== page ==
Leadership

Life Lessons (Guest Blog by Robert Acton)

Guest Blog

Connections Life Lessons: Leaders Share Their Stories

One of the greatest aspects of my career, education, and life in general has been meeting people. I love meeting people and getting to know their stories, what makes them tick and how they handle life challenges. I have met several leaders over the years and I want to give voice to their stories. Thus, I have asked a few of them to share their stories as part of my Connections blog. I will not set a schedule but will share these when I receive them. I hope that by sharing their stories, you get to know a great leader but also perhaps see a bit of your story in theirs. Perhaps we can learn from each other in this manner.

This guest blog is from someone I have become friends with personally after years of working together professionally. Rob Acton was Executive Director of Cabrini Green Legal Aid when he recruited me to join their Board of Directors. While he has moved on to other great things, I continue to serve on the Board. More importantly, we have become good friends. Rob is smart, passionate, and a true leader already. Yet, he is willing to learn from others, as well as from his personal successes and failures. With all the great things behind him, I expect even gather things ahead and am honored to share his thoughts on good leaders.

If you would like to guest blog as part of this series, please contact me via twitter, LinkedIn, or by posting a comment on this blog.

Be Well. Lead On. 

Adam

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leadership-definition

In the Presence of Great Leaders
Robert B. Acton
Executive Director – Taproot Foundation New York

I am inspired by great leaders. They are rare. There is no objective measure for great leadership, no certificate or title, but when you’re in the presence of one, you know it.

The handful of great leaders I’ve interacted with have a set of characteristics in common:

1. They are obsessively passionate about the mission they are leading. Their commitment to its success is unwavering.

2. They inspire people by telling great stories. Their scope of knowledge is both deep and wide, but they really connect when they tell stories.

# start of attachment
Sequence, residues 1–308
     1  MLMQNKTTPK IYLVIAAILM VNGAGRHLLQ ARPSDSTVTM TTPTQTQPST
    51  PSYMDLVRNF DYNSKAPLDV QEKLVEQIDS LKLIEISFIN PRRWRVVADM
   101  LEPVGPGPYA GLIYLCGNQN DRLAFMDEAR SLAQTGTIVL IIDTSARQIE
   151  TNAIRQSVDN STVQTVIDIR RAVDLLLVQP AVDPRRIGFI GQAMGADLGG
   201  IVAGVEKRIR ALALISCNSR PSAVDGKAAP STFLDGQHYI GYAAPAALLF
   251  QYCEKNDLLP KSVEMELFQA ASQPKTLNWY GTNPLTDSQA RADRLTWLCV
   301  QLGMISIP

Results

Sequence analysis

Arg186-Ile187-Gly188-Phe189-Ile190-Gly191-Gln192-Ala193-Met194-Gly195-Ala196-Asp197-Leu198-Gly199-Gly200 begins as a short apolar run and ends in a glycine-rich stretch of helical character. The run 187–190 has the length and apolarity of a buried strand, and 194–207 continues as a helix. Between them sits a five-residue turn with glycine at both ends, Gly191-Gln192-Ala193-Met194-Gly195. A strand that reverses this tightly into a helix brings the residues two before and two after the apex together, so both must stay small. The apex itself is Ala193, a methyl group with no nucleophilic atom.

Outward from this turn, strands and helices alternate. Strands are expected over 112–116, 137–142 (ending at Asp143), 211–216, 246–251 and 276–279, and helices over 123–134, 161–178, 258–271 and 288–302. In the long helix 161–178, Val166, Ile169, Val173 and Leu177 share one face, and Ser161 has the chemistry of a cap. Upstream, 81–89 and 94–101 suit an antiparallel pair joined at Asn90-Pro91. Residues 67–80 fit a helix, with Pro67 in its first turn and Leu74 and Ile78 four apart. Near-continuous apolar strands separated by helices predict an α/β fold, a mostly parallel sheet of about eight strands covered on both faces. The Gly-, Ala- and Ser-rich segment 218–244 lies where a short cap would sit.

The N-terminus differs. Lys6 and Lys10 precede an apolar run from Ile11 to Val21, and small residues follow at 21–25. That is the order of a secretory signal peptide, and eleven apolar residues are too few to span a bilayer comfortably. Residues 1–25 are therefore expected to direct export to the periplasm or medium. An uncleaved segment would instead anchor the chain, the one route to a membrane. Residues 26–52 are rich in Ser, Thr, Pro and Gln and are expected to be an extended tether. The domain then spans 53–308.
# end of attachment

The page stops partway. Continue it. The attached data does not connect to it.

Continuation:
3. They are both confident and humble. Their confidence engenders loyalty to their cause. Their humility engenders loyalty to them.

4. They are wise. They have experienced a lot of learning over the years and know how to synthesize and apply it to new and changing circumstances and environments. They make good judgment calls.

5. They invest heavily in others. Without anything to gain, they carve out quality time for high potential people who can learn from them.

6. They experience life with unfettered enthusiasm, even joy. Each day is an adventure. A day without a hill to take is a day wasted. They live life with the accelerator pressed to the floor, every day.

7. They are easily moved. They laugh and they cry.

8. They are guided by deep-seeded values. They know they can’t fake it and wouldn’t want to anyhow. Their core is firmly in tact.

9. They love people. Actually, they are obsessed with people. They are usually the last to leave a room if there are interesting people to meet and conversations to be had. They always make time that they don’t have for people.

10. They have a masterful base of knowledge. They know their area of expertise, of course, but that’s the easy part. More impressively, they know three important things about your area of expertise, as well.

A few such leaders I’ve been privileged to know well: Charles Middleton. Tony Campolo. Sylvia Reynolds. Laura Truax.

Some I’ve observed briefly, or from afar: Tim King. Sterling Speirn. Bill Clinton. Ken Chanault. Cathy Trower.

My aspiration is less about reaching a particular job and more about “becoming” — learning more and more how to be reflective of these truly great leaders.

That’s what year 45 will be about.
Leadership

About the Author:

 

Rob Acton

Rob Acton

As New York City’s Executive Director, Rob Acton sets the strategic direction for Taproot Foundation and the pro bono movement in America’s most populous city. He is known for belting out Broadway show tunes at the photocopier and trying to measure everything. Prior to joining Taproot, Rob spent over 20 years leading nonprofits, working in direct services and engaging in policy efforts designed to bring opportunity, justice, fair-treatment and second chances to residents of Brooklyn, Harlem, Chicago and Jackson, Mich. Most recently, Rob served for seven years as Executive Director of Cabrini Green Legal Aid (CGLA), overseeing the delivery of free legal representation to more than 22,000 low-income clients. During his tenure, CGLA expanded ten fold the number of clients served and tripled the agency’s annual budget. In May 2008, CGLA received the prestigious Alford-Axelson Award for Nonprofit Managerial Excellence. Rob’s roots in NYC run deep having worked at a number of nonprofits including Legal Outreach, Inc. and the Brooklyn Juvenile Rights Division of Legal Aid Society. He has served on a number of nonprofit boards and has taught graduate level nonprofit leadership at DePaul Law School and North Park University. He earned his J.D. from Brooklyn Law School and B.A. in Philosophy and Religion from Spring Arbor University. Rob calls New York City home and his favorite root vegetable is the sweet potato, especially in the form of pie.

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